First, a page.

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Make Grails Object Marshalling More RESTful

Tareq Abedrabboviacafebabe
August 03, 2009

If you use Grails to develop RESTful services, then you're probably familiar with the different ways of producing XML and JSON representations for your objects. One particularly convenient option is to make use of the provided converters, along with the render method.



Taking the stereotypical book store application as an example, the following code in BookController:

render book as JSON
will produce something like the following, assuming that we are using the standard JSON converter (grails.converters.JSON):

{
    "class": "Book",
    "id": "1",
    "author": {
        "class":"Author",
        "id": 1
    },
    "title":"Nineteen Eighty-Four"
}
I'm sure you figured out that Author:1 refers to George Orwell: born in 1903, author of other eminent works including "Animal Farm" and the guy who coined the term "Cold War" - but that's because you're smart. It certainly won't be as easy for a programmatic client to know as much about the author, and that's because the representation you're providing lacks an essential RESTful ingredient: connectedness. What the clients of your service would like to see are links (URIs) to nearby resources (i.e. the author of the book), to follow if they want to.

So ideally, we need a way to add the URIs of related resources to the representations we're returning, without changing the code that much. To illustrate the point, let's lay out the whole book store application first. The domain model is simply limited to Book and Author:

class Author {
    static hasMany = [books:Book]
    String name
}

class Book {
    static belongsTo = [author:Author]
    String title
}
I'll only implement the GET method in the controllers:

class AuthorController {
    def show = {
        def a = Author.read(params.id)
        if(a){
            render a as JSON
        }
        else{
            response.status = 404
            render "author ${params.id} not found"
        }
    }
}

class BookController {
    def show = {
        def a = Book.read(params.id)
        if(a){
            render a as JSON
        }
        else{
            response.status = 404
            render "book ${params.id} not found"
        }
    }
}
We also need to map the controllers as RESTful resources:

class UrlMappings {
    static mappings = {
        "/$controller/$id"{
            resource = {controller}
        }
        "/"(view:"/index")
        "500"(view:'/error')
    }
}
Because I mostly like the output of the JSON converter, I will define and attach to it a custom object marshaller that adds URIs to referenced objects. My new RestfulDomainClassMarshaller is based on the standard ..json.DomainClassMarshaller; We only need to redefine the asShortObject method. The marshaller also needs the base URI to function:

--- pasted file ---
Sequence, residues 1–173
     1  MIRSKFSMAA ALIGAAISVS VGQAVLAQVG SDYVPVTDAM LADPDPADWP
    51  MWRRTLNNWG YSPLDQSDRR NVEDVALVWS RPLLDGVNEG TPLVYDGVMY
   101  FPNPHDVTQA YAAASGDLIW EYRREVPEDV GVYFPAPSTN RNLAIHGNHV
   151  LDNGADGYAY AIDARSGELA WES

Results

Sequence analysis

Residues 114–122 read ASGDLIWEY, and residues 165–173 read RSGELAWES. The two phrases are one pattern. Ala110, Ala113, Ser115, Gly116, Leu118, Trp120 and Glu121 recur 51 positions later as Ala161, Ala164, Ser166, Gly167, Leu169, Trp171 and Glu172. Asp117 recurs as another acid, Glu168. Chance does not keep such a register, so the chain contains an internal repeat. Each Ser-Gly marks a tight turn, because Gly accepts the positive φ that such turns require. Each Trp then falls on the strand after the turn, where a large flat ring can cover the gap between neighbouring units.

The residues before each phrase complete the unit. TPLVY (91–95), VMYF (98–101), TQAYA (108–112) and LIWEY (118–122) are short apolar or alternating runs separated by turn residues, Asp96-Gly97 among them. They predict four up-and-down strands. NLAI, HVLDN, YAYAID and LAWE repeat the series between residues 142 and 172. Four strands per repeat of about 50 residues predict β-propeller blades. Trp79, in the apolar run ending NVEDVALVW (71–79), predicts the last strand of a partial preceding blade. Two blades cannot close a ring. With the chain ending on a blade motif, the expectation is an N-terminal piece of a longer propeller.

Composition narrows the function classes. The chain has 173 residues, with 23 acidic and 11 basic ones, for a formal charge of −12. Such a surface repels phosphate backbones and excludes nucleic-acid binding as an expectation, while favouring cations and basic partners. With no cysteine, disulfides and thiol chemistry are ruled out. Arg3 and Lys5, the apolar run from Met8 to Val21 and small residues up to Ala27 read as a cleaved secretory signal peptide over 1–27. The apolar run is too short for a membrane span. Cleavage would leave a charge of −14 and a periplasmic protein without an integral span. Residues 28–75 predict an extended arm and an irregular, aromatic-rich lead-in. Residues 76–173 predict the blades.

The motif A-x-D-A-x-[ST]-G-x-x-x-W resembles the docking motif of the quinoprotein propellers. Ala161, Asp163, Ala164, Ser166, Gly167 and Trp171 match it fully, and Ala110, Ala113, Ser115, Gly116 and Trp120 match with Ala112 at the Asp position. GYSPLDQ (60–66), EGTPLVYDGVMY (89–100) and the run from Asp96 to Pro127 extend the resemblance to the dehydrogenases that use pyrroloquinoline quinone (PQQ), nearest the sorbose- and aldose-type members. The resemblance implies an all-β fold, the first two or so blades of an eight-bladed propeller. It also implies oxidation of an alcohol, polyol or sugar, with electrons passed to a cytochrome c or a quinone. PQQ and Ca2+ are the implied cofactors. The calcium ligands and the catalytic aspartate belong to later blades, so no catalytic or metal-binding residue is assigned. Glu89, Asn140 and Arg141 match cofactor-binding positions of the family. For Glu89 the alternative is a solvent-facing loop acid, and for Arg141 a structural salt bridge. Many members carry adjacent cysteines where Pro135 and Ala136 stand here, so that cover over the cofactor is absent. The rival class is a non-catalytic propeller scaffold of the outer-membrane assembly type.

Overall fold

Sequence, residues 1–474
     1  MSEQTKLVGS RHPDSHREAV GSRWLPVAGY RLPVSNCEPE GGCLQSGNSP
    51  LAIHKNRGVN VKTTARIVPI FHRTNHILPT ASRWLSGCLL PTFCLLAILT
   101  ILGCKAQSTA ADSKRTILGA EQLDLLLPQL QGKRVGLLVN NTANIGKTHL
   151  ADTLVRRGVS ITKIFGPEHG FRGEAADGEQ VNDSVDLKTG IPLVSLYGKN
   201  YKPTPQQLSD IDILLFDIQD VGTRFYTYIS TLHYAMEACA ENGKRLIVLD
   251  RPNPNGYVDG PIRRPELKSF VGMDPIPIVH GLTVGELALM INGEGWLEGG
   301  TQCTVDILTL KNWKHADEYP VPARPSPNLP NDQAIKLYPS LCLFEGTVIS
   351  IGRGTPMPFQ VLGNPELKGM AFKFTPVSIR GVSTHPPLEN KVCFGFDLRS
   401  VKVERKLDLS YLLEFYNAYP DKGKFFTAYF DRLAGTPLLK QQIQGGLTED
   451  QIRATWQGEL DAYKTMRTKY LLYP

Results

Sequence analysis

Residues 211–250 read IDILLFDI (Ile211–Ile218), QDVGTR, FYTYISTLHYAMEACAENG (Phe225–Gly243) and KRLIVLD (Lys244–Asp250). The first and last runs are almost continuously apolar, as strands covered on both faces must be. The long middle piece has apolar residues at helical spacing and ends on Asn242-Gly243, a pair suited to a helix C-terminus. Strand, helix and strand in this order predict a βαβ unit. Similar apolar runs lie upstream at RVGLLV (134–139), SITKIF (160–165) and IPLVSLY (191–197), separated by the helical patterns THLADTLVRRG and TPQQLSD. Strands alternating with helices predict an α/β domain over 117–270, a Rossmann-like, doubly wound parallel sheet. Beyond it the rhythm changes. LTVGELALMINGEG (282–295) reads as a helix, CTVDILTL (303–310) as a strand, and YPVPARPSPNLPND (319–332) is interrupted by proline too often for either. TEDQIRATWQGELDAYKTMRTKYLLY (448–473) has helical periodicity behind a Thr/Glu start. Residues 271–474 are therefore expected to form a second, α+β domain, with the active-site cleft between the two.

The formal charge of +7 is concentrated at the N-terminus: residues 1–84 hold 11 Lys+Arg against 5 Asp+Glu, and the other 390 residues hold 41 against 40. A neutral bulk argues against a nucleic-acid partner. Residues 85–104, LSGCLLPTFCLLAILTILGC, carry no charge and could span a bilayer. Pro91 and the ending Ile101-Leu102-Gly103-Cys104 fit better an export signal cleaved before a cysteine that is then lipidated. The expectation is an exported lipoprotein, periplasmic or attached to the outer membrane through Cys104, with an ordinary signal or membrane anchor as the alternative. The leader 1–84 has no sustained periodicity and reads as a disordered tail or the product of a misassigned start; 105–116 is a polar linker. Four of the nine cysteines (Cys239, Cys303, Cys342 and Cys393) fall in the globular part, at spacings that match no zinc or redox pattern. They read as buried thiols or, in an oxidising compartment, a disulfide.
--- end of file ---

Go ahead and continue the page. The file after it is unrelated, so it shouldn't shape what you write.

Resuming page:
class RestfulDomainClassMarshaller extends DomainClassMarshaller {

    String baseUri

    protected void asShortObject(Object refObj, JSON json, GrailsDomainClassProperty idProperty, GrailsDomainClass referencedDomainClass)
    throws ConverterException {
        json.writer.object()
        json.writer.key("class").value(referencedDomainClass.name)
        json.writer.key("id").value(extractValue(refObj, idProperty))
        def uri = "$baseUri/${GrailsNameUtils.getPropertyName(referencedDomainClass.shortName)}/${extractValue(refObj, idProperty)}"
        json.writer.key("uri").value(uri)
        json.writer.endObject()
    }
}
The final step is to register the RESTful marshaller with the JSON converter in BootStrap.groovy. I'll get the base URI from the config parameter grails.serverURL, that's why the grailsApplication property is injected. A nice side effect of using grails.serverURL is that it's environment-scoped by default, which means that the URIs will continue to be valid in all the environments (if you configure them correctly that is).

class BootStrap {
    def grailsApplication

    def init = { servletContext ->
        def marshaller = new RestfulDomainClassMarshaller(baseUri:grailsApplication.config.grails.serverURL)
        JSON.registerObjectMarshaller(marshaller)

        // test data
        new Author(name:'George Orwell').
            addToBooks(new Book(title:'Animal Farm')).
            addToBooks(new Book(title:'Nineteen Eighty-Four')).save()
    }
    def destroy = {
    }
}
Now, GETing http://localhost:8080/RestfulBookStore/book/1 yields the following result:

{
    "class": "Book",
    "id": "1",
    "author": {
        "class": "Author",
        "id": 1,
        "uri": "http://localhost:8080/RestfulBookStore/author/1"
    },
    "title": "Nineteen Eighty-Four"
}
Similarly GETing http://localhost:8080/RestfulBookStore/author/1 gives:

{
    "class": "Author",
    "id": "1",
    "books": [
        {
            "class": "Book",
            "id": 1,
            "uri": "http://localhost:8080/RestfulBookStore/book/1"
        },
        {
            "class": "Book",
            "id": 2,
            "uri": "http://localhost:8080/RestfulBookStore/book/2"
        }
    ],
    "name": "George Orwell"
}
If you're using FireFox, try installing the nice JSONView extension, which pretty-prints JSON and makes the links clickable!

Download the code here.
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